Front Office Football is a career-based, general manager type of sim. You’re the GM. You sign and release players, run the draft, make trades, sign free agents and manage the salary cap. Once the season ends, you progress to the next year — players age, regress and retire — and you have to continue building or rebuilding your team like a real-life GM. There’s also a coaching element to the game. You’re allowed to set-up gameplans if you choose to simulate games, or you can call all the plays and watch your games play out.
In Action PC Football, you act more as the coach instead of the GM. There is no career element to the game. Once the season ends, you do not advance to the next year. Action PC is more for players who like historical replays or what-if scenarios. Once you purchase the game, you have the option of buying season disks from any season in the history of the NFL. You can use these season disks to replay any season in league history, or build your own custom dream league. Want to see if you can navigate the Packers to the Super Bowl in 1994, just like in real life? You can do that. Want to build a league featuring the past 30 Super Bowl winners and see who comes out on top? You can do that too. It’s also possible to import players into different eras. How would 1995 Brett Favre fare as the Packers QB in 2011?
Action PC is more about statistical accuracy. The stats generated in the game are usually very close to what happened in real life. Front Office is more about immersing yourself in the GM experience. The stats are still very realistic, but there’s more variation and randomness in order to mimic what a real-life GM deals with.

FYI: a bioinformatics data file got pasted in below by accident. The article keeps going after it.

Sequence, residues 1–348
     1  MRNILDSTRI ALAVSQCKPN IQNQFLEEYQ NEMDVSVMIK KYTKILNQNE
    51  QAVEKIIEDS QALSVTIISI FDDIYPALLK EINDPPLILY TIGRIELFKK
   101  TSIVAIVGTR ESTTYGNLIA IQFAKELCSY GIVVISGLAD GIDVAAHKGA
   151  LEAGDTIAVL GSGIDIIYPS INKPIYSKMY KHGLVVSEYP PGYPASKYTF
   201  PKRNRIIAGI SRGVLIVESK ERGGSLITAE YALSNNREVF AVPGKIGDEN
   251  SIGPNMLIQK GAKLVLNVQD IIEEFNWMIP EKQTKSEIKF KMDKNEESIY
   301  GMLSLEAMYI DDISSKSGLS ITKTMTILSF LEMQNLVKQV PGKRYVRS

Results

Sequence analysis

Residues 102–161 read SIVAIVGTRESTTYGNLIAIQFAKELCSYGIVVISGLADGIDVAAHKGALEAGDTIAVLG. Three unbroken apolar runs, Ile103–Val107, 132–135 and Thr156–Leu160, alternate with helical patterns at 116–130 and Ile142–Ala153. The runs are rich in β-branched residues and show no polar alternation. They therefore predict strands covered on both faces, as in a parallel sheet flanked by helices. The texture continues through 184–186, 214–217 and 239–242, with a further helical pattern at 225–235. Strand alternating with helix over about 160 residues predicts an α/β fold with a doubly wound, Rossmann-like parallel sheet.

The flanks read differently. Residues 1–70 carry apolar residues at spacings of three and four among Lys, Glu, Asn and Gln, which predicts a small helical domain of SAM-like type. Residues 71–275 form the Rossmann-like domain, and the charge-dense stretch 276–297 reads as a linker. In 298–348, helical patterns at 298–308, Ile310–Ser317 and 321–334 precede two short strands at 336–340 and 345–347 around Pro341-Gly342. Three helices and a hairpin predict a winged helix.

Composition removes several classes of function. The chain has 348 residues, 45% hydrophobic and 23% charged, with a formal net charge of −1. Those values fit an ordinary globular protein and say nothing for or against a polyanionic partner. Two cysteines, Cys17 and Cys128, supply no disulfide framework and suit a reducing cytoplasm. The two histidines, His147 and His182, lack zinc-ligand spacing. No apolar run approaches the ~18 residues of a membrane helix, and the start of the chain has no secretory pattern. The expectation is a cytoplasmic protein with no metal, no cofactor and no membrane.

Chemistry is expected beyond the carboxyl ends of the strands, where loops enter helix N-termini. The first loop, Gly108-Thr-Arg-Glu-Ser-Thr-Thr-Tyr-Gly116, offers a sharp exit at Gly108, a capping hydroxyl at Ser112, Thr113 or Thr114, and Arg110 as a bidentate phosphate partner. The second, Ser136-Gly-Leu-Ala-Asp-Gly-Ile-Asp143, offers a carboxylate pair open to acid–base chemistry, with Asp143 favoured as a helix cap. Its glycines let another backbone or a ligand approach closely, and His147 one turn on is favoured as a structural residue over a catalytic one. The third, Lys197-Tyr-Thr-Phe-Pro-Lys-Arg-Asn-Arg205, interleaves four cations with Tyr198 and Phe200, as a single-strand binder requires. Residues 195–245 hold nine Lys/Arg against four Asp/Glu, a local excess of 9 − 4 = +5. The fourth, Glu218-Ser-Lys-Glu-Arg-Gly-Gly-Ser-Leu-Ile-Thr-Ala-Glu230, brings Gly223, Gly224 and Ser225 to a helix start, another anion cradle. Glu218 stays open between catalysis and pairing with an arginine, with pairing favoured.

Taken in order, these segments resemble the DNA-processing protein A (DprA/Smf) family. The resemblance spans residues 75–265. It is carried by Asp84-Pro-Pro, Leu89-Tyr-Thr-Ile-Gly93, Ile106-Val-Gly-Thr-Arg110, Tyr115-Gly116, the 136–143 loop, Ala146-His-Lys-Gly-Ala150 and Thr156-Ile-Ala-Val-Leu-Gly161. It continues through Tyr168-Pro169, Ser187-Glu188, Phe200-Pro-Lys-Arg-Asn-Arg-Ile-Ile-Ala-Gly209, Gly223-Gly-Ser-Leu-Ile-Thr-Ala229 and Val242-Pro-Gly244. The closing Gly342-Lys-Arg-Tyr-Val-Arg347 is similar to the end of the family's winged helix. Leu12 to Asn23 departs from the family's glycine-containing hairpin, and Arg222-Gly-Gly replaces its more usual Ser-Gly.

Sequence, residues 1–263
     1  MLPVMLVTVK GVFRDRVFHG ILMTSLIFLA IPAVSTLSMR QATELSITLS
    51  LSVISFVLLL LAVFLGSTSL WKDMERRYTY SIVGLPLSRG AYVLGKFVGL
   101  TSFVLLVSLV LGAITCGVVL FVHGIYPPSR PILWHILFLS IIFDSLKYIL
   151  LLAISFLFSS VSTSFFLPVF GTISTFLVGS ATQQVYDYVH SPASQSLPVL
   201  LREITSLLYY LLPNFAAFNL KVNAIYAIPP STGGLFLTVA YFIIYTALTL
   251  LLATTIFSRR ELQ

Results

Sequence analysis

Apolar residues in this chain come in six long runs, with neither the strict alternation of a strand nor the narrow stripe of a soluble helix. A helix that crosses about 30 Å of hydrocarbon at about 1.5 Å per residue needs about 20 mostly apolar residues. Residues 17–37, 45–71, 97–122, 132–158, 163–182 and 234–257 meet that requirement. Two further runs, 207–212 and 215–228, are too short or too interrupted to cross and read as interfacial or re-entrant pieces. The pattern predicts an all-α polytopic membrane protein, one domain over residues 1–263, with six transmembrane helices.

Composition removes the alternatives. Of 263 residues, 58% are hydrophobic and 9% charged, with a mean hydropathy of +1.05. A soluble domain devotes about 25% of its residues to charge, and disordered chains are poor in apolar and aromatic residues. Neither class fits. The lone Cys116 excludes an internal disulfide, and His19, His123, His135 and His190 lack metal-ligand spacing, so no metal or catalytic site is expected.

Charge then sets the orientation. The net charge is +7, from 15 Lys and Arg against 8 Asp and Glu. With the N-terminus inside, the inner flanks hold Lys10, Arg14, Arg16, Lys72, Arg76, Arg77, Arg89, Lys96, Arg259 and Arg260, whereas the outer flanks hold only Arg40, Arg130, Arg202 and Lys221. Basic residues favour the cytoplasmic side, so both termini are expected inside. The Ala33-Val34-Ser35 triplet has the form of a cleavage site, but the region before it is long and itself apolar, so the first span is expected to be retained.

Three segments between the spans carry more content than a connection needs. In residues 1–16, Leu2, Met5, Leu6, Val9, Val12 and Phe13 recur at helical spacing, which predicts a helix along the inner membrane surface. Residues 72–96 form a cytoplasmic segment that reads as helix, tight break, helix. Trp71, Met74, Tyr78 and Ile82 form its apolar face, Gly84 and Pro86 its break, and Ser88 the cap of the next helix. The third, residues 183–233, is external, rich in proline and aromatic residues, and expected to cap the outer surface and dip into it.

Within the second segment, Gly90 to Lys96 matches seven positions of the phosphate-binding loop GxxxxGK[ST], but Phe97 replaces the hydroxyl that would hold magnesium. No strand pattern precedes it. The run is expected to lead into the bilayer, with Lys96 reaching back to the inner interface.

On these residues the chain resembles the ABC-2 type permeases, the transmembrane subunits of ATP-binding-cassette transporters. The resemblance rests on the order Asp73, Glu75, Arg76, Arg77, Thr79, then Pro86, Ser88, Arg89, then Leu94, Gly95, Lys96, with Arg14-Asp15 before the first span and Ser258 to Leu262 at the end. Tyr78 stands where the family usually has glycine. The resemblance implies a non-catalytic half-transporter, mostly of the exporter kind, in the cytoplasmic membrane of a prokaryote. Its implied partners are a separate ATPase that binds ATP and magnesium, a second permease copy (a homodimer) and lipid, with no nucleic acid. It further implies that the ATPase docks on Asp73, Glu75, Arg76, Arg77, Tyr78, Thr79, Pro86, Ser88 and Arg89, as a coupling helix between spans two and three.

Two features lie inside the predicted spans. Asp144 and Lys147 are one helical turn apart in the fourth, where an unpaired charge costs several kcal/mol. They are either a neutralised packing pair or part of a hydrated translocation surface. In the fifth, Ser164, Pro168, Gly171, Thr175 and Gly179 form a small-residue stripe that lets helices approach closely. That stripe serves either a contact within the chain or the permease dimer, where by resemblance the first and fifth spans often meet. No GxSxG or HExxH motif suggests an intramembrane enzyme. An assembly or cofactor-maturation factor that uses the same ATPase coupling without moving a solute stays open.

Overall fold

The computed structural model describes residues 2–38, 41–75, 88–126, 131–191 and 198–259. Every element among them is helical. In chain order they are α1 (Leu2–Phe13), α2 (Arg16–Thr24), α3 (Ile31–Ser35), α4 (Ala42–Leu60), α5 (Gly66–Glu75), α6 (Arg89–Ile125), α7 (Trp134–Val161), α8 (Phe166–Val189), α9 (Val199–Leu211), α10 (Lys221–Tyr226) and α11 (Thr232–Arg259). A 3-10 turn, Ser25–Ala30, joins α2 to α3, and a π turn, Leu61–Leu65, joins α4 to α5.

Both games are awesome and will suck up hours upon hours of your time if you ever get into them. You’ll have to come up with some good excuses when the wife inevitably asks you why you’ve been sitting in front of your computer for 10 straight hours on a sunny Saturday afternoon. If I had to pick between the two, I’d probably go with Action PC. The game is updated regularly and has excellent customer support. The downfall is having to buy season disks, which gets expensive real fast.
Front Office hasn’t been updated in about five years. It’s still a great game, but it’s overdue for a facelift. Community members usually update the rosters every year, but the game could use a new version to inject new life into the franchise.
Yes, I realize Madden has general manager and head coach aspects to it, but it doesn’t do nearly as good a job at either as Front Office or Action PC. Aaron Rodgers should ask to be on the cover of one of the two text sims over Madden. Both are better games, and hey, he would avoid that pesky curse.
Anthony Hargrove, Nick Collins, and Shea McClellin